Mr. Edward M. Dangel: No, I don't believe that this -- I don't believe that the language spells out exactly constitutional except underlying it.
It seems to me, fairness of trial, decency to a defendant, it seems to me, that's a constitutional ground, but there is no language in there that says this is on a constitutional ground.I don't read it that way.
But, when you get to a criminal trial, the investigation stage ought to be over or pretty near or they've now -- the Government, then, has pointed the finger at the man and said “here, you're the man.
You are guilty of this crime.”
Should a Government, then, conceal from a man, withhold from a man what material there is?
I mean, this is not a question of national security and this is not a question of state secrets.
This is a question of the Government accusing a man of a crime.
It doesn't involve either one of those things.
Haven't we got to the stage now where a discovery is important in a criminal case, pretrial, and otherwise, just as it is in a civil case?
Haven't we changed from what used to be a game of tricks in the trial, as Judge Bazelon calls it, a combat by surprise?
Haven't we got to the point now where a trial is not only to determine the truth but where all truths, not half truths, are told to a defendant, but he is given the availability?
Almost all I have available to him, just as to the Government, whatever material the Government has concerning those witnesses which the Government puts on the stand and said “here, place credence in this man to accuse the other man, and find the other man guilty of a crime.”
Justice Felix Frankfurter: The Government couldn't have the same right of discovery as the stuff when the defendants comes with possession, he could have?
Mr. Edward M. Dangel: Some things, yes, sir, Mr. Justice Frankfurter.
Justice Felix Frankfurter: What?
Mr. Edward M. Dangel: Yes.
If I were tried for arson and I had in my possession in the courtroom a fire insurance policy.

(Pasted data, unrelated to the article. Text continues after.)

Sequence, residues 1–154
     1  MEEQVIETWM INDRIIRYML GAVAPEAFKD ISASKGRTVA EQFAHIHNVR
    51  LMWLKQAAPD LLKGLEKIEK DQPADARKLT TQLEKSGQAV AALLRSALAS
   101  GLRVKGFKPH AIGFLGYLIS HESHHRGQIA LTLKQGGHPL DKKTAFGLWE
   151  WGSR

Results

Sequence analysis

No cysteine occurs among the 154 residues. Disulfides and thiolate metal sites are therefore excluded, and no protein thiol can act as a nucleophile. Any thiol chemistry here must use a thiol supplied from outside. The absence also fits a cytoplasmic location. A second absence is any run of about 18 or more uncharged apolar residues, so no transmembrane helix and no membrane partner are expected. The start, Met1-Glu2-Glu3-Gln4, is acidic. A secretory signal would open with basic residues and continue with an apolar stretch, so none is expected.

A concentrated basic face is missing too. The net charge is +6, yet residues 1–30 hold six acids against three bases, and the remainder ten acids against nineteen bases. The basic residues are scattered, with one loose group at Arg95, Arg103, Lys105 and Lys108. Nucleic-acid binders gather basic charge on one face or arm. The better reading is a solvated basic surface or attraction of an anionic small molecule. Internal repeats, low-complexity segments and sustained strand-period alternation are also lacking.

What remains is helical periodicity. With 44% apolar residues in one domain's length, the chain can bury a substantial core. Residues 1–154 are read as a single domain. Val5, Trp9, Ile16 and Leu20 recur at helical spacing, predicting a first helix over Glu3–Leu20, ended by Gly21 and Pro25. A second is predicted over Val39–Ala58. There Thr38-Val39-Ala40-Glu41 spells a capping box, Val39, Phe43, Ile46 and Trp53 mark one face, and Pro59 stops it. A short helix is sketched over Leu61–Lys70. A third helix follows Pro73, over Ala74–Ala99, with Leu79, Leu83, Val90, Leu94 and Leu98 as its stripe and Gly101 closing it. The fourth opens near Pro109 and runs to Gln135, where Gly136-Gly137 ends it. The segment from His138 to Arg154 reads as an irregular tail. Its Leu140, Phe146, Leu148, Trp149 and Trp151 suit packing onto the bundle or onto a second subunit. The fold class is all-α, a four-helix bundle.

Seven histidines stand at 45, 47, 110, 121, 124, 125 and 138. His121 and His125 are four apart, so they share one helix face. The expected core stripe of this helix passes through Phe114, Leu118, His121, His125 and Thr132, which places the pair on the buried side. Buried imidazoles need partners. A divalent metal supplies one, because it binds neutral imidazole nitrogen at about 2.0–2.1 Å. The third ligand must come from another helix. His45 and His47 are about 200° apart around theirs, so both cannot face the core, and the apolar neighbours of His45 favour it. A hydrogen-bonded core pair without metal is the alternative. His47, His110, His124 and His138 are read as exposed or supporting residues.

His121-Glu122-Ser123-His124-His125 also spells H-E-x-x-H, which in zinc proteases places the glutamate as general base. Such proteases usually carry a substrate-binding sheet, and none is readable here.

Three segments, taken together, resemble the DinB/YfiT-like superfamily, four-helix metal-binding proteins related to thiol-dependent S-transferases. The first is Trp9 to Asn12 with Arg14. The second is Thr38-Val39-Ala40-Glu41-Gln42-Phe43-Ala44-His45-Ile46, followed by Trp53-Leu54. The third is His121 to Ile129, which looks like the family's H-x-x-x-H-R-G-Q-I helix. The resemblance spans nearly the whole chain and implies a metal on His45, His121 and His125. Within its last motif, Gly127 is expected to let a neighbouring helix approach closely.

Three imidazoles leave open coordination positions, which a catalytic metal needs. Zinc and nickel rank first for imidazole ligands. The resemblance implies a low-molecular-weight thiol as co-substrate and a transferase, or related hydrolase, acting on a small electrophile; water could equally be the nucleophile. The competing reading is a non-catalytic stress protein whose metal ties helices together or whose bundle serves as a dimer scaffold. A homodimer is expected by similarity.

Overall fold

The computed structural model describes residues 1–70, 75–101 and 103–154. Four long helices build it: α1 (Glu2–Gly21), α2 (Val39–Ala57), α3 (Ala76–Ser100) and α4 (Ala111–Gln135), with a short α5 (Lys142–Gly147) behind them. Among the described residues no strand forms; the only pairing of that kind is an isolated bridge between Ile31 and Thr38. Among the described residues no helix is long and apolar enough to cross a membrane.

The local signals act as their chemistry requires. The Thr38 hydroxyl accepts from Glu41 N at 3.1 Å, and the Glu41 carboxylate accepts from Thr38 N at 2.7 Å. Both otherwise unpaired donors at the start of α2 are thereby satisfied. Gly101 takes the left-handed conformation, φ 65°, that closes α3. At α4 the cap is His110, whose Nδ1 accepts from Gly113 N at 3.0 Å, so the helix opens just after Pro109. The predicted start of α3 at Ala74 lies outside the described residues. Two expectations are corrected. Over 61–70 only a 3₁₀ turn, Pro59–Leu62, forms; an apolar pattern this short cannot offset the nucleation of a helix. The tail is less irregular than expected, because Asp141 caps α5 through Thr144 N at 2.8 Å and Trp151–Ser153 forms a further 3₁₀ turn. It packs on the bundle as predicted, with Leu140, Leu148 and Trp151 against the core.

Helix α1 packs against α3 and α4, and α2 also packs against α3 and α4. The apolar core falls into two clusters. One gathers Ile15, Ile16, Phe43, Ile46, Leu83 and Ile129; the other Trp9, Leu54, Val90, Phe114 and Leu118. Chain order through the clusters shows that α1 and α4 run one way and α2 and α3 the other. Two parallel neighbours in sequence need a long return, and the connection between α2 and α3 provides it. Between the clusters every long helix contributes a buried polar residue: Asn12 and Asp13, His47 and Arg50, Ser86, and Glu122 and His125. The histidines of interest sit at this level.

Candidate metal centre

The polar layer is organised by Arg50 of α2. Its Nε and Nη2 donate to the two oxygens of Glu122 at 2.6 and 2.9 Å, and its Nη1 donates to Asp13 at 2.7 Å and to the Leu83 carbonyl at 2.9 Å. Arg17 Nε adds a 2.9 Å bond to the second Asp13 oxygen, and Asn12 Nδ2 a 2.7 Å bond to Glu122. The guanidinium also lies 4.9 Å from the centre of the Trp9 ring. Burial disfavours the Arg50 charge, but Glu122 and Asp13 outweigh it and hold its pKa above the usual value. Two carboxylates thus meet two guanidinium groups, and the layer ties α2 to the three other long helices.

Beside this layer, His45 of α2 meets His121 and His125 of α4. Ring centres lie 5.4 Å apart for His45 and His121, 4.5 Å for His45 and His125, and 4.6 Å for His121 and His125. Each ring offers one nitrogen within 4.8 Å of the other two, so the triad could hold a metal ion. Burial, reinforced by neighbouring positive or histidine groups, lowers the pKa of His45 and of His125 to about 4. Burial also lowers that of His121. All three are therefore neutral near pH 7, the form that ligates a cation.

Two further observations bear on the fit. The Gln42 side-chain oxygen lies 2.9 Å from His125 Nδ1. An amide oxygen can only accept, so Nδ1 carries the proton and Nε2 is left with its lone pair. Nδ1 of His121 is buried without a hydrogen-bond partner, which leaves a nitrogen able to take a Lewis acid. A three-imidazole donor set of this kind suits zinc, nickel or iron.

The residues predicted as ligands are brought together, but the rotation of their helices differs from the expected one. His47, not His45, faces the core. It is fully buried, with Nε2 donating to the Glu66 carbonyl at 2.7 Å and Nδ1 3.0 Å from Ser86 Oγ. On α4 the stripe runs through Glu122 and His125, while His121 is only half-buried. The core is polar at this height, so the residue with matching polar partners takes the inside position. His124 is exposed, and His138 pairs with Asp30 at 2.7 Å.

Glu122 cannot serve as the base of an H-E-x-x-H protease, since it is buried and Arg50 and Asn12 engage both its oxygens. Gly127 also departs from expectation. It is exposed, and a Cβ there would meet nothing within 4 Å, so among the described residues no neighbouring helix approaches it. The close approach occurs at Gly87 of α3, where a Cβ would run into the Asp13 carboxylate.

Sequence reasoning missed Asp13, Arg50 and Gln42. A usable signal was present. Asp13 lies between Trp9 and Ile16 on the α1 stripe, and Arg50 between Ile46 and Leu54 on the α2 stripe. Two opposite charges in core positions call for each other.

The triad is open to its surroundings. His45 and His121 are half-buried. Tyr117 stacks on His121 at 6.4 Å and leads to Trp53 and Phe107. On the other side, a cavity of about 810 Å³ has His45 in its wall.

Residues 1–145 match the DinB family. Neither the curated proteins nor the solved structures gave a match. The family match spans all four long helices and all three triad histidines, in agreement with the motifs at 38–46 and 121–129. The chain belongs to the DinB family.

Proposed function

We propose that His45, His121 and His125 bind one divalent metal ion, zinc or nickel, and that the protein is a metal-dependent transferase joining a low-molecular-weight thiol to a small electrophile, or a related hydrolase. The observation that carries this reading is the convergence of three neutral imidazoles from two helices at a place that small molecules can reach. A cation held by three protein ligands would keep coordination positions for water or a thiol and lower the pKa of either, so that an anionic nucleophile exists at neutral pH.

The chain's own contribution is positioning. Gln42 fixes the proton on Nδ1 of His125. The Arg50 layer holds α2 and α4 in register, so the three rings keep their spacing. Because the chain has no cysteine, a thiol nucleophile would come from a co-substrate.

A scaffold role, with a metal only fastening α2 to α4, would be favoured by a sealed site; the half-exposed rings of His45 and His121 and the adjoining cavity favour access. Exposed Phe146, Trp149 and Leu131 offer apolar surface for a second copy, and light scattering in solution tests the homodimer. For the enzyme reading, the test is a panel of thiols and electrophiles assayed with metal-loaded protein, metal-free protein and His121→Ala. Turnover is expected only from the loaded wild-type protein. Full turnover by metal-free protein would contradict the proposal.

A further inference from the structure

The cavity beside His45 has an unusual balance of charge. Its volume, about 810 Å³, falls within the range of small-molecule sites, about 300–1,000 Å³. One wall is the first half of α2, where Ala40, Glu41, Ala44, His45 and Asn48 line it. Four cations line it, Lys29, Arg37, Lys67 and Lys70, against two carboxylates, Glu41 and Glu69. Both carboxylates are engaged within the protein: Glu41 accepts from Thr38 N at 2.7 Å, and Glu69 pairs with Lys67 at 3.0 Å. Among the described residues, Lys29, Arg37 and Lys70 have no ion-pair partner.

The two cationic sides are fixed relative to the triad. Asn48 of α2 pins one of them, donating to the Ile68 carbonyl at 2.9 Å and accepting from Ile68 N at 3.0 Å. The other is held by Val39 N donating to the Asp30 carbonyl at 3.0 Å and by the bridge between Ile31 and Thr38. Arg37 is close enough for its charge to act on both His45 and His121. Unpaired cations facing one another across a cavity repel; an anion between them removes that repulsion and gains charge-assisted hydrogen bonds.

The Government could compel me to produce that policy.
Justice Felix Frankfurter: The Government -- a very able Court of Appeals says the co --we reverse the conviction in which the Government has merely served notice on the defendant to produce the original as the basis of introducing secondary evidence, and that was held, I'm not sure properly, thought broadly, an invasion of the privilege against self-incrimination --
Mr. Edward M. Dangel: Well, I'm --
Justice Felix Frankfurter: Before it.
Mr. Edward M. Dangel: I'm reminded of the Massachusetts case which is -- such an evidence is admissible upon secondary evidence admissible upon the defendant's refusing to produce the policy which was in its possession.
Justice Felix Frankfurter: But -- it is in the federal courts, but I have to point -- the point of that case was that it was made in the presence of the jury --
Mr. Edward M. Dangel: Oh I see.
Justice Felix Frankfurter: And, thereafter, all careful district judges of the United States or careful US Attorneys asked the Court to excuse the jury so they could do it in the absence of the jury.
I'm suggesting the extent to which, from my point of view, very properly, protection is made and this is not -- you can't search, you can't -- your large statement about going after the truth is a large, big statement --
Mr. Edward M. Dangel: I know.
Justice Felix Frankfurter: Isn't it?
Mr. Edward M. Dangel: I know.
The whole truth is what I -- is --
Justice Felix Frankfurter: Yes.
Mr. Edward M. Dangel: Is what it comes down to.
Justice Felix Frankfurter: The whole truth.
Mr. Edward M. Dangel: Yes, and --
Justice Felix Frankfurter: And it isn't what trials are about usually, are they?